I am able to do this because this is the easiest recipe for making a fruit and berry pie.

I occasionally like to add Chambord to the fruit mix. I drain some of the liquid from the fruit and replace it with some Chambord, usually 2 to 3 tablespoons, but sometimes less; it depends on how much of the Chambord flavor I want.

If you try the recipe and use a different fruit or fruit combination and like it, let us know. In the meantime, enjoy!

Richard Adin, An American Editor

 

3 Comments »

  1. Yum! Please save a slice of Carolyn’s raspberry pie for me.🙂

    I notice blackberries, another of my favourites, is not on your list. I wonder if it’s called something else in the States.

    Like

    Comment by Vicki — February 25, 2016 @ 10:39 pm | Reply

    • They are called blackberries here as well. My grocery doesn’t sell them frozen except as part of a mix that includes raspberries, blueberries, and strawberries, and I’m not that fond of that combination. Blackberries will work just as well as any other frozen berry.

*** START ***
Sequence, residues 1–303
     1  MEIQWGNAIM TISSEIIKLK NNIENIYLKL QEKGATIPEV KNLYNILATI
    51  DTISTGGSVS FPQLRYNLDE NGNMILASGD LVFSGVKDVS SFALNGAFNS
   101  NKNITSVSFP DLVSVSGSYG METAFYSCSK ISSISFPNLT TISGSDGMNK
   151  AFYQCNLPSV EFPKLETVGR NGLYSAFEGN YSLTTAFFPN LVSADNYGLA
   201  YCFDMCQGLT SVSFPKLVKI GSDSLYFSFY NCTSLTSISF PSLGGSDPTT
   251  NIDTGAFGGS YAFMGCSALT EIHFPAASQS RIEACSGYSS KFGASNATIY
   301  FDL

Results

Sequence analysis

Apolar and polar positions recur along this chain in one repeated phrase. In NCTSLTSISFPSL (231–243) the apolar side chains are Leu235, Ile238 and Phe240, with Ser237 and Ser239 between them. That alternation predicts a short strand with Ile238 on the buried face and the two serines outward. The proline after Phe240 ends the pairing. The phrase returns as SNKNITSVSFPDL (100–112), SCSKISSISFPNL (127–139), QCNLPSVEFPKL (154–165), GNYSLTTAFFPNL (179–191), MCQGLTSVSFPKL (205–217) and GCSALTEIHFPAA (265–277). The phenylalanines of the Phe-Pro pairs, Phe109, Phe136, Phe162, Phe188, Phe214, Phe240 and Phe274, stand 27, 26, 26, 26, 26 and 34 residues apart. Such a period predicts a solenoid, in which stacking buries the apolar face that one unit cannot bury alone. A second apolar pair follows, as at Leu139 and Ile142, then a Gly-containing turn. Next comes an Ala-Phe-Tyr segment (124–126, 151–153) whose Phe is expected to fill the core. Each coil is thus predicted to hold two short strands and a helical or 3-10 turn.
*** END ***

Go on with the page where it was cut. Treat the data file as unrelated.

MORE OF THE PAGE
Like

      Comment by americaneditor — February 26, 2016 @ 4:20 am | Reply


RSS feed for comments on this post. TrackBack URI

Leave a Reply

Fill in your details below or click an icon to log in:

WordPress.com Logo

You are commenting using your WordPress.com account. Log Out / Change )

Twitter picture

You are commenting using your Twitter account. Log Out / Change )

Facebook photo

You are commenting using your Facebook account. Log Out / Change )

Google+ photo

You are commenting using your Google+ account. Log Out / Change )

Connecting to %s

Blog at WordPress.com.

%d bloggers like this: